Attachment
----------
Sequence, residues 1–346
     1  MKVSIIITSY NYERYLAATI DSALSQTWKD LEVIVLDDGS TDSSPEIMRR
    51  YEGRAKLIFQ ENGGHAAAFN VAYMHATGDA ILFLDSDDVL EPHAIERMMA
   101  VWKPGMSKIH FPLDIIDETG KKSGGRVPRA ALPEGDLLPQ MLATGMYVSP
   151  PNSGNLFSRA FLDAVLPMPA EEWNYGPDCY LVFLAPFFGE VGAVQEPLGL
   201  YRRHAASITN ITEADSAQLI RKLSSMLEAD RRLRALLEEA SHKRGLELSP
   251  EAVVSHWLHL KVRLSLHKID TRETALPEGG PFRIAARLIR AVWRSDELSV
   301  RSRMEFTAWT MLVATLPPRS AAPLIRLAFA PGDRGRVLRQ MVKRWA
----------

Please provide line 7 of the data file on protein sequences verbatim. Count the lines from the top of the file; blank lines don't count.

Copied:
   251  EAVVSHWLHL KVRLSLHKID TRETALPEGG PFRIAARLIR AVWRSDELSV